For six months of the 2012/2013 school year, photographer Aaron Wojack captured a small slice of the New York City high school experience in a series called “Blowing Minds”. The caps, gowns, bravado and angst we expect from high school students are all present in his subjects, but the setting is institutional, impersonal and cramped. Shot in an office building turned high school in lower Manhattan that was used as a “makeshift morgue” during 9/11, there’s a quiet weightiness running through the series.
From cafeteria workers to students, Wojack photographs his subjects with dignity and respect. He saves his lens’s critical mode for the caged windows, the comically makeshift gym, and the piles of Department of Education junk. Yet even that critical aspect to the series is tempered by his admiration for the people that call the school their own:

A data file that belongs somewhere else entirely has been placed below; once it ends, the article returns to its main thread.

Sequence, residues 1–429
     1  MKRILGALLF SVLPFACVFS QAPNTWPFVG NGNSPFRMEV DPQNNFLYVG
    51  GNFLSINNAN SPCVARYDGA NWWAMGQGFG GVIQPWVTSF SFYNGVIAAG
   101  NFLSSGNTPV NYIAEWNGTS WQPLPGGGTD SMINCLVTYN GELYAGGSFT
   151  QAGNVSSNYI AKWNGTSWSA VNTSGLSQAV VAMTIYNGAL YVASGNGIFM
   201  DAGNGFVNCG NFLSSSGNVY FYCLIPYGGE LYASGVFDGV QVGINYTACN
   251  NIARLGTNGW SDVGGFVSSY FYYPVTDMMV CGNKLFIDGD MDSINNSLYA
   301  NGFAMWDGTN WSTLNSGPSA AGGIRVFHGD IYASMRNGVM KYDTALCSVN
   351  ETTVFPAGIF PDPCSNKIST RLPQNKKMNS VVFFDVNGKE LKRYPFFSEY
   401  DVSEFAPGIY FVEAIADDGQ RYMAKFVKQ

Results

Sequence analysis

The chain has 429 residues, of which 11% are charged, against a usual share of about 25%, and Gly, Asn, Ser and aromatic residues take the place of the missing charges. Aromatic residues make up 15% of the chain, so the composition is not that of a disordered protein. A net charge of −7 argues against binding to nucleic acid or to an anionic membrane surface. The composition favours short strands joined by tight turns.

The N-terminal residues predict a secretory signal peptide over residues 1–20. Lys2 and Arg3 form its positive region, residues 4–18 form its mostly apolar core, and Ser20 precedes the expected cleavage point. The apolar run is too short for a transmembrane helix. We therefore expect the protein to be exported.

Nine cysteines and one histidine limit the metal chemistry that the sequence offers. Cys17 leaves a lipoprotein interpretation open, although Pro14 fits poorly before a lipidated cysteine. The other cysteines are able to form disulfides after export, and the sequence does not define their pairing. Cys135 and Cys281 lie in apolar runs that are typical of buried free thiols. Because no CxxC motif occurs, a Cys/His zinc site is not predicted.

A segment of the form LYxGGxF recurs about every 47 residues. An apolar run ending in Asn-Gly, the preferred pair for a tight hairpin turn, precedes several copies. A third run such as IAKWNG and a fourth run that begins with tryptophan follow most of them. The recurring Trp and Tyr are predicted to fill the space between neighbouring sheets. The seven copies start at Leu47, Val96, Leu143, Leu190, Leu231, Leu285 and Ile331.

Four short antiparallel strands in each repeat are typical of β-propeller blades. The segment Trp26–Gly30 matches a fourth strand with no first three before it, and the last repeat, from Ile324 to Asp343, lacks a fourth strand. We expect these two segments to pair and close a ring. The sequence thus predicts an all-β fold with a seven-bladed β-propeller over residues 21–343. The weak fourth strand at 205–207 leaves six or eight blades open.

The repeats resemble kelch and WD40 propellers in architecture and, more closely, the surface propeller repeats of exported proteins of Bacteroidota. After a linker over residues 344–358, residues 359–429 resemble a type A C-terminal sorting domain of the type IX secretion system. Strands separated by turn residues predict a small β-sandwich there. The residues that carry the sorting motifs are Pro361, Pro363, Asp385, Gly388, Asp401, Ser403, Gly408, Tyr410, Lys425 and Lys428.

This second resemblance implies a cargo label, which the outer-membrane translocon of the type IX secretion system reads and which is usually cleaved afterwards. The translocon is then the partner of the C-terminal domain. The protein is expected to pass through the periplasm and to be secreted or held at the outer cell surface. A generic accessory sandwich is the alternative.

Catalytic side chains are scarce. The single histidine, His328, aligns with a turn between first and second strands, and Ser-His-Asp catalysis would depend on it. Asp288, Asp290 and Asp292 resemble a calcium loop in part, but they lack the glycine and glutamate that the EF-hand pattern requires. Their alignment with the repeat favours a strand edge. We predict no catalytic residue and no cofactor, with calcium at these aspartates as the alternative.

[Compared] to some of the other places that I have photographed: It’s true that the school is not an attractive place and that is an important part of the story. The energy of the youth is where I find the beauty and optimism.
The personalities of Wojack’s subjects shine through vibrantly, contrasting nicely with the institutional setting. Above is a prime example; Mike, a teachers’ aide that Aaron remember being “a great guy [with] an amazing rapport with the students.”
Check out more snapshots of a year in the life of a Manhattan high school below:
Thanks to photographer Aaron Wojack. Check out his site to see more photos from “Blowing Minds”.